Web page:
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All orders divide the highest order?
Posted:
Aug 21, 1996 10:09 PM


U_m={natural numbers<=m and relatively prime to m} phi(m) = the number of elements in U_m if u is in U_m, then order(u)=n where n is the least natural number such that u^n=1 (mod m)
I know that all the orders in U_m divide phi(m)...but if U_m doesn't have an element with order phi(m), then a stronger statement can be made; for example, phi(8) is 4, but all the orders in U_8 are not only factors 4 but factors of 2. Note that 2 is the highest order of any element in U_8...Is this true in general, i.e., is it true that all the orders divide the highest order? Can anyone prove this?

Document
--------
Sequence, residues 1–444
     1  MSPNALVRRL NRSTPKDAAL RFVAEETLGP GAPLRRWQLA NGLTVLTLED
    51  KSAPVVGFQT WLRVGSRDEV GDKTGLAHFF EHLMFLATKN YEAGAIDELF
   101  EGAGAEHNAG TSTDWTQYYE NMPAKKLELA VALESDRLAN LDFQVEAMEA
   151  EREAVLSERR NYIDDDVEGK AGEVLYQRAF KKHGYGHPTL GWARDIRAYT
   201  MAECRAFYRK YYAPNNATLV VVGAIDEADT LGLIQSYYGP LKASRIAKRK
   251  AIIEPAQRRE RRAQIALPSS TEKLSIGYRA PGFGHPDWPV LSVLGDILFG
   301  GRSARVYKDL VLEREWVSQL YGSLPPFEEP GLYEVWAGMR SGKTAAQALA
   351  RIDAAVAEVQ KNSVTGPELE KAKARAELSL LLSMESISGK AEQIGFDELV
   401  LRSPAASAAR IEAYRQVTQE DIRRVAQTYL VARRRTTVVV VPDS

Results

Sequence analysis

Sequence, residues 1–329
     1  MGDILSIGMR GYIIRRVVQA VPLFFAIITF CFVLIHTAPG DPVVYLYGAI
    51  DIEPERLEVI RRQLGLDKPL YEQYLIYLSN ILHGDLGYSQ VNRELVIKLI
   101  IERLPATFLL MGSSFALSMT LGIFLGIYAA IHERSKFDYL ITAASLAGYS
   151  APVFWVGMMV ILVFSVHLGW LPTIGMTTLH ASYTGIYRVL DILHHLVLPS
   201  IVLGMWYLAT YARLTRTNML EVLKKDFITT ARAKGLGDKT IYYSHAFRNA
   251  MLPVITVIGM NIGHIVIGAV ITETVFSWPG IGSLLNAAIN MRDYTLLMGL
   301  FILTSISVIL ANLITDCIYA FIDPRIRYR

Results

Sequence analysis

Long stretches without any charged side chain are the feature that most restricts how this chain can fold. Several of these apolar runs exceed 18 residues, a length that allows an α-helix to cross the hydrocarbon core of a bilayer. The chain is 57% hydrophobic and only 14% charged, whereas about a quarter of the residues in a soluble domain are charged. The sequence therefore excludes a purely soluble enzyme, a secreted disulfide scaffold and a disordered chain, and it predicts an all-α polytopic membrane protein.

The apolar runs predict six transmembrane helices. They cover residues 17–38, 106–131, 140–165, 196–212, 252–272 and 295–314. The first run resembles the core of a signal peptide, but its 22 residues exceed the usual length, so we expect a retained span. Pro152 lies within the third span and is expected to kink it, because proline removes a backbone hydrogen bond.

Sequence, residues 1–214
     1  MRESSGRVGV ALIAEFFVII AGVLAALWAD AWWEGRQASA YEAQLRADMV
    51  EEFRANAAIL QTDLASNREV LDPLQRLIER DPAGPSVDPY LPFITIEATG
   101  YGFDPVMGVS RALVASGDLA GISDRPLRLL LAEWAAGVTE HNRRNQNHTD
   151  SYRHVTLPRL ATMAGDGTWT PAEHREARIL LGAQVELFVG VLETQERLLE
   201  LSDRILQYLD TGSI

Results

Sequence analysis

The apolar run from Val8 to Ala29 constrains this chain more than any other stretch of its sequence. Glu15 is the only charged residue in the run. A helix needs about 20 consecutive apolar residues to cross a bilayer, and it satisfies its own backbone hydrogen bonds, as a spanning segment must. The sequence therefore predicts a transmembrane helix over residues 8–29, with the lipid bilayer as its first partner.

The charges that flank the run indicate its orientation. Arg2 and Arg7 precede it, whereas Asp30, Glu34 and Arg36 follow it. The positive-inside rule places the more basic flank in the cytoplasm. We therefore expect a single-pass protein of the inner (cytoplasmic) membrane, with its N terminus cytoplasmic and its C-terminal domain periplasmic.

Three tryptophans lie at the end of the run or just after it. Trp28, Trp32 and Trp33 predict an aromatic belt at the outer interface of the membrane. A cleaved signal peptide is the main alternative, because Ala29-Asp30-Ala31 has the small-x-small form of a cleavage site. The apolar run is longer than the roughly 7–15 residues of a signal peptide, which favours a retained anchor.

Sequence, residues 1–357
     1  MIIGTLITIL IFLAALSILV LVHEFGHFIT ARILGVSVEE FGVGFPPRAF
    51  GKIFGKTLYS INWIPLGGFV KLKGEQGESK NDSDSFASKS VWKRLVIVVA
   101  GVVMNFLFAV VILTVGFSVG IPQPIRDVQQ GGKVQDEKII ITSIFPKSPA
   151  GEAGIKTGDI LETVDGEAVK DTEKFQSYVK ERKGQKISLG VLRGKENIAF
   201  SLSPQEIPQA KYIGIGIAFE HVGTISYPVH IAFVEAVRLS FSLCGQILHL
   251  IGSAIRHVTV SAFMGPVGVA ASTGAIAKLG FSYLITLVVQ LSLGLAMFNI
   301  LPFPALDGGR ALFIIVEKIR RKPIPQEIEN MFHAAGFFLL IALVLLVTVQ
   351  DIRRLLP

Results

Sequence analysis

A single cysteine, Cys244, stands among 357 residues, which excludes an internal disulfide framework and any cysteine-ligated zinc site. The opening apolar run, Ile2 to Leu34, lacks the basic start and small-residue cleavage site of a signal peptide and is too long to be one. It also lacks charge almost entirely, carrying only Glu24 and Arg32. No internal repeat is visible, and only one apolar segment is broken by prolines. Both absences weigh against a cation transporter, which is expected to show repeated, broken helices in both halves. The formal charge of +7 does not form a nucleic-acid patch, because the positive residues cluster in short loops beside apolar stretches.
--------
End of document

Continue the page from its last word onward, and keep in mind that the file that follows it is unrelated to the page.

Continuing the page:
Also, a related question: Does anyone know of a function f(m) that gives the highest order in U_m? I know f(m)=phi(m) exactly when m = 2, 4, p^n, or 2p^n, where p is any odd prime and n is any natural number...
Oh, one last question: I know it's hard in general to say what the order of u is in U_m, but are there any special elements for which it's easy to find the order? For example, for m>2, order(m1)=2. Also, I've noted that if you take u=the product of all elements of U_m, then order(u) divides 2. Going further, take u=the product of all elements of U_m which are less than m/2, and order(u) divides 4. What other statements like these can be made?